Three new premises infested with Varroa mite have been reported with the emergency zone extended as a result.
The emergency zone, which was already extended to include Bulahdelah on the mid-north coast and south of Newcastle at Calga on Thursday, has now been extended again to include the Port Stephens Peninsula area, NSW Department of Primary Industries (NSW DPI), acting chief plant protection officer, Dr Chris Anderson said.
The properties at Tanilba Bay, Salt Ash and another at Mayfield East are part of 16 premises now confirmed to have Varroa mite infiltrating their hives.
"Further reporting by beekeepers and investigations by NSW DPI officers, has identified three varroa mite infestations at these properties," Dr Anderson said.
"This means that the emergency order has been updated to include the Port Stephens Peninsula within the red 10 kilometre eradication zone, where hives will be euthanised.
"NSW DPI biosecurity experts continue to act to protect the NSW bee industry in conjunction with Local Land Services, NSW Police, Rural Fire Service and the wider community as part of the mammoth effort to arrest the spread of the threat."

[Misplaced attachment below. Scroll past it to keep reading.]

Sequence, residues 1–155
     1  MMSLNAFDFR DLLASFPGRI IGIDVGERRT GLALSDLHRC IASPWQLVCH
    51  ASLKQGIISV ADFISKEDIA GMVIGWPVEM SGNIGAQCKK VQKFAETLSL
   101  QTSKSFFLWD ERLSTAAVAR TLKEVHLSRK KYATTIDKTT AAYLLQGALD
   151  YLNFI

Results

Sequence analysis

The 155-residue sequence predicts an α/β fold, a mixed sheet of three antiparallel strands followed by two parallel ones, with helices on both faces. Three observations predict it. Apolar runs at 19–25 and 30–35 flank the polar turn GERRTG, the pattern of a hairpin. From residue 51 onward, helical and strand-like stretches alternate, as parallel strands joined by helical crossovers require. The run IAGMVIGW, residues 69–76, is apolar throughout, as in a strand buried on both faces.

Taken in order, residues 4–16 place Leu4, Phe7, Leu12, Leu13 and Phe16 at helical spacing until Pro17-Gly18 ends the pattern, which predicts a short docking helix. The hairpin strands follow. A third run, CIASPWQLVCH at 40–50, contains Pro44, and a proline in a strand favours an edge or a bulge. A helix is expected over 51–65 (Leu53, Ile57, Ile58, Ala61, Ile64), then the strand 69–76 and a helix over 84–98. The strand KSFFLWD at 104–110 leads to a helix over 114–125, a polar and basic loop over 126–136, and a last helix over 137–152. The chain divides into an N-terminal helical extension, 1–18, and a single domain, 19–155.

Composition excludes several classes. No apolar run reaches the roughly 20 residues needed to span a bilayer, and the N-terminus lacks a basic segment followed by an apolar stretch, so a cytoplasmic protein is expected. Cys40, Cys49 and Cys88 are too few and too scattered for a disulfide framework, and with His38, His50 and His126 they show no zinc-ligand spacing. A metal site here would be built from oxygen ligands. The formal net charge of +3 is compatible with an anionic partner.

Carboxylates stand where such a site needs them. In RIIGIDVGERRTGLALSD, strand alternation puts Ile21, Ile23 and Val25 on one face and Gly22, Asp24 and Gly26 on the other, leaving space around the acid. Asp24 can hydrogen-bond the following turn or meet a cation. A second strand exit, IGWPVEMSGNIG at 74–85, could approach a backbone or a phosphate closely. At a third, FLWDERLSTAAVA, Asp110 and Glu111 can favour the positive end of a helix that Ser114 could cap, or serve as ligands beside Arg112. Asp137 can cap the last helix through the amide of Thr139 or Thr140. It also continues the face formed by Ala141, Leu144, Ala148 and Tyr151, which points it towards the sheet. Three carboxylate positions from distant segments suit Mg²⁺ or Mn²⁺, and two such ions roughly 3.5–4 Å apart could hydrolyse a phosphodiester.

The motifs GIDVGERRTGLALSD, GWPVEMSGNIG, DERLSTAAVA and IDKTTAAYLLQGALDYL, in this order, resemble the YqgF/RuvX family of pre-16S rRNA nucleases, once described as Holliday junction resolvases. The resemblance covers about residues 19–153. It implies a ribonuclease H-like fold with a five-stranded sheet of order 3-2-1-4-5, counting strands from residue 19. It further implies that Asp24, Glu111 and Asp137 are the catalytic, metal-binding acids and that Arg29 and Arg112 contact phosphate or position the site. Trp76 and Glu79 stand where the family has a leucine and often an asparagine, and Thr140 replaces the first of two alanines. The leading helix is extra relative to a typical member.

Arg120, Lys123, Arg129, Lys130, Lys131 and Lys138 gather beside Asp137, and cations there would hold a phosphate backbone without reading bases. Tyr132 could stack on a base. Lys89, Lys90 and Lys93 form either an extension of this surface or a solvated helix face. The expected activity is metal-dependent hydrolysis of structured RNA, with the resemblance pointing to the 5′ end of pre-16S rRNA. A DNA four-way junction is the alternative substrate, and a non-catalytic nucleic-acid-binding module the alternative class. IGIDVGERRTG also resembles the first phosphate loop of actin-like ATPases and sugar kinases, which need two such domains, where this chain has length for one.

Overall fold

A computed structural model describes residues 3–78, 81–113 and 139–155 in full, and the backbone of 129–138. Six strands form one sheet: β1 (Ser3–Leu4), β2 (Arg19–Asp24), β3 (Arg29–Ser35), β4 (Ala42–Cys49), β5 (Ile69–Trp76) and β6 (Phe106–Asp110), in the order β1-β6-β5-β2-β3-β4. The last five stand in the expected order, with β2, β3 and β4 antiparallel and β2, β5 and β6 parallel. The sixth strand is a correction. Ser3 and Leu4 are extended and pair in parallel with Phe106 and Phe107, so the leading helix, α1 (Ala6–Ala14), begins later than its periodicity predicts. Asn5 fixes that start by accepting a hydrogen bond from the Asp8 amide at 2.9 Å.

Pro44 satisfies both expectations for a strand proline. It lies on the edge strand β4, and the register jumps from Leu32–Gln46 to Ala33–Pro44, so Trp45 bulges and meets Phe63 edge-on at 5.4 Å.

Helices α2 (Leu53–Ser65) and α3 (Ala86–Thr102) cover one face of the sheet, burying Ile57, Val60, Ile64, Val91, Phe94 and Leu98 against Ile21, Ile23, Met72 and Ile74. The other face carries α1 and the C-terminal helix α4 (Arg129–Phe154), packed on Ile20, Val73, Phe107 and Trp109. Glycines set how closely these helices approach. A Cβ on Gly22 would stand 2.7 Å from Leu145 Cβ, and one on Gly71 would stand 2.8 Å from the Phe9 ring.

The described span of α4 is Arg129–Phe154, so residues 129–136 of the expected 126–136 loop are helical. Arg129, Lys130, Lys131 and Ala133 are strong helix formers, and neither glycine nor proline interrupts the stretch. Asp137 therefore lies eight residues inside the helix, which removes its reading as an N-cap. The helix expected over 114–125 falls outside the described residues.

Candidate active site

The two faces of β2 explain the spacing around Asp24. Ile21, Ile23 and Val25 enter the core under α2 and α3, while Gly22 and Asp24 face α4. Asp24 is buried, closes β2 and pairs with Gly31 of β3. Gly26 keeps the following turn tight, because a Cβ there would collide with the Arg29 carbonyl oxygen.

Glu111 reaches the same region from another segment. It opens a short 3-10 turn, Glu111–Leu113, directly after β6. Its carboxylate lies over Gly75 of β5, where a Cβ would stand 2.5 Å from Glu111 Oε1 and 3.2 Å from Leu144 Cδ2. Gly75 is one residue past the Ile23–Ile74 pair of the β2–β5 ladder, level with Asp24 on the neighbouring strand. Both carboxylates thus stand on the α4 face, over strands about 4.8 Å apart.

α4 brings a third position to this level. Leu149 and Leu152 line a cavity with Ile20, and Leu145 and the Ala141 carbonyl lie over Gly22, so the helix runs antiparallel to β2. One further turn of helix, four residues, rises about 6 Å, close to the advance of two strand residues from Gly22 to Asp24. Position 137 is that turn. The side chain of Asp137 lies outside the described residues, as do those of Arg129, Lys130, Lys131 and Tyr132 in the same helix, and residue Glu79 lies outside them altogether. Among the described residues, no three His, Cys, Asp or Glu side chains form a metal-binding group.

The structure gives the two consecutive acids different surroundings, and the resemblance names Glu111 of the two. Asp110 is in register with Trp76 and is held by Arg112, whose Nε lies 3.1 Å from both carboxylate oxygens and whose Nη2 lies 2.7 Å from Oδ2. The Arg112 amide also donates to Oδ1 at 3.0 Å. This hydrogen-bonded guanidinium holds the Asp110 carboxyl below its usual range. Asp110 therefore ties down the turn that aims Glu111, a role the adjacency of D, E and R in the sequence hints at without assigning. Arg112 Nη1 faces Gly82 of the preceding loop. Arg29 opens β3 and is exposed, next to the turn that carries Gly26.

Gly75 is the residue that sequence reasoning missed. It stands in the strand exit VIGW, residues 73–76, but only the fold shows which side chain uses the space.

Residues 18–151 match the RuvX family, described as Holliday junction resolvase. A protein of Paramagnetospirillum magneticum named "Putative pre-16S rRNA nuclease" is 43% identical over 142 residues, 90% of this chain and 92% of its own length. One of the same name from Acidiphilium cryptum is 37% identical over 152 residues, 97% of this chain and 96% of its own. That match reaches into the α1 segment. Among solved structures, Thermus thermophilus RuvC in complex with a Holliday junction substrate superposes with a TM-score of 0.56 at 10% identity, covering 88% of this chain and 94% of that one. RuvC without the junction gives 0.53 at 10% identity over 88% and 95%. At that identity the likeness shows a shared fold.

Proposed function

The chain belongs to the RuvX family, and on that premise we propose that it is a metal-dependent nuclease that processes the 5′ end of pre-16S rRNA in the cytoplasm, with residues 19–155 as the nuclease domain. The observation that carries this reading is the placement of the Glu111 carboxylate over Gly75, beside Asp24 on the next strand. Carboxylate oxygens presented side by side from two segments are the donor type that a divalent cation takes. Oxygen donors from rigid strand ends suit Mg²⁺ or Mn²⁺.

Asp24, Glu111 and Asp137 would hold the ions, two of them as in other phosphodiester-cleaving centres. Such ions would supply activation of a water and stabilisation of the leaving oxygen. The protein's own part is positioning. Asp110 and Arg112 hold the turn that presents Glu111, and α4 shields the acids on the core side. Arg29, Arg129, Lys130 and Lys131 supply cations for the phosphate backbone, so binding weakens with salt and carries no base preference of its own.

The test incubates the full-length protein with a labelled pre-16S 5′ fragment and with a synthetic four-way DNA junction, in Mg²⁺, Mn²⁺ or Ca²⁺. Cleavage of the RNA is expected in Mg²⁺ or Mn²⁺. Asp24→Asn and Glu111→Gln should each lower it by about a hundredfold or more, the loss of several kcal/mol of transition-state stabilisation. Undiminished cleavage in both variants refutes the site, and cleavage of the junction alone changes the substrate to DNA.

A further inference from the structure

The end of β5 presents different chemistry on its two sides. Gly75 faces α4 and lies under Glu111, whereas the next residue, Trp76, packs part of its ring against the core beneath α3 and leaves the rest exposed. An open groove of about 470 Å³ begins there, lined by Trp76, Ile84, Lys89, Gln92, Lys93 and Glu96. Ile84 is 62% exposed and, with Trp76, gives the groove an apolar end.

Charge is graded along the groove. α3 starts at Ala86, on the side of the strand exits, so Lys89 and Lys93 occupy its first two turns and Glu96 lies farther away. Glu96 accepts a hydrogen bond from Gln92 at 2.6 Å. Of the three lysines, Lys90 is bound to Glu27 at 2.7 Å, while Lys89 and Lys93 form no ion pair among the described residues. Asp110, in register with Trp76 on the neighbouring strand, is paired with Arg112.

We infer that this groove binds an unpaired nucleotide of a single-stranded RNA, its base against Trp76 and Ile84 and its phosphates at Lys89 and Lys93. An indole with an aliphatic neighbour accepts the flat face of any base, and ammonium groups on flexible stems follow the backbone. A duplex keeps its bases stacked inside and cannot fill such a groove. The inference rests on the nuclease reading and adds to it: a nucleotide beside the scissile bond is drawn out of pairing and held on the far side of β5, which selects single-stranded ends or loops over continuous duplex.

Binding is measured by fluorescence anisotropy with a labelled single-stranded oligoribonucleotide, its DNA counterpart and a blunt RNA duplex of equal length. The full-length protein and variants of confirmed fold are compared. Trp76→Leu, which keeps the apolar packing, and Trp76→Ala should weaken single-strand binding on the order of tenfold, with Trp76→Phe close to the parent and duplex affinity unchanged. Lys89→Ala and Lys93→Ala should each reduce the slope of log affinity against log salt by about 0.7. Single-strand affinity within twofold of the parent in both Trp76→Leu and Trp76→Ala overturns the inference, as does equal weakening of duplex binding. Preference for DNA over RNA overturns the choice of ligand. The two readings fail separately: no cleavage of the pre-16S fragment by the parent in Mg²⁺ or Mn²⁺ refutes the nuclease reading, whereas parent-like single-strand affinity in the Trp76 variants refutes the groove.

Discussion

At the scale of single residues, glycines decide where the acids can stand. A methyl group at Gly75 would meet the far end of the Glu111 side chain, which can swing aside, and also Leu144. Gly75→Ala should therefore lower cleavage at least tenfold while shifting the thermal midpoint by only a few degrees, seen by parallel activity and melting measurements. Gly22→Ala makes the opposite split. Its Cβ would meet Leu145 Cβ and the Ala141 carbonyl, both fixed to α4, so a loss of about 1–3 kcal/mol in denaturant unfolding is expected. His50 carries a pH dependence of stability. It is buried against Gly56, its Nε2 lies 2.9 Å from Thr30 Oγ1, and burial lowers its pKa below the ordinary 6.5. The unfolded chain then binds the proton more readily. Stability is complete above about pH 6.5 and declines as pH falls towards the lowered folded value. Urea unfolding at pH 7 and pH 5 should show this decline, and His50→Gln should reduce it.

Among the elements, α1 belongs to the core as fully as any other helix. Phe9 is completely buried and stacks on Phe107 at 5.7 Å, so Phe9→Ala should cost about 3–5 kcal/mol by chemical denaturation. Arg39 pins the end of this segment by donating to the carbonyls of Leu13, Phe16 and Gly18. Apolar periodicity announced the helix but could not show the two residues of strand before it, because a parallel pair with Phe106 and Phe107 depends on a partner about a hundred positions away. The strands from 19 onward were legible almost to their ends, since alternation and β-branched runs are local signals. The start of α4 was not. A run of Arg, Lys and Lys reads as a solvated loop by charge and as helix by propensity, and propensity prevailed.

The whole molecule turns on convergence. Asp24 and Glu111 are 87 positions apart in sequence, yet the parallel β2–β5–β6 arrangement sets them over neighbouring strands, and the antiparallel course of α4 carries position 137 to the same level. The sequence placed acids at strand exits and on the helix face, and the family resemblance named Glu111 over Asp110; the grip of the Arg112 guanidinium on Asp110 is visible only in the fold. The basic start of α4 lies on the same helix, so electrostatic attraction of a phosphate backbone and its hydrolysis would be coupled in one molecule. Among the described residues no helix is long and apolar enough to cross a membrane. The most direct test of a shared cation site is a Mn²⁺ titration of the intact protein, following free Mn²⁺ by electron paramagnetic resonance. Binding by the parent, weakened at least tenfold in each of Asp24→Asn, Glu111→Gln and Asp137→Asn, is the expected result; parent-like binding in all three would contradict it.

Mr Anderson said the NSW DPI continues to ask all people who have acquired honeybees (including queen bees, nucleus hives and hives with honeybees) from within the 50km emergency notification zone of the Port of Newcastle in the last 12-months to report them to help ensure business continuity for the honeybee industry.
"Community reporting will importantly help us facilitate and free up the movement of honeybees in the rest of NSW, especially around almond pollination," Dr Anderson said.
"The Varroa mite response plan has also been updated so that while it remains necessary to euthanise honeybee colonies in the eradication zones and destroy internal hive equipment such as brood and honey frames, other equipment will only be destroyed when a risk assessment deems it necessary, with options to decontaminate external equipment such as hive boxes, pallets and straps as well as metal ware, so they can be retained by beekeepers.
"Beekeepers are reminded of the group permit that allows flood-affected honeybees and hives in current flood watch areas to be moved to a higher location on premises, or if that's not possible, within the same emergency zone.
"After the hives have been moved as per this Permit, they cannot be moved back to the original location," Dr Anderson said.
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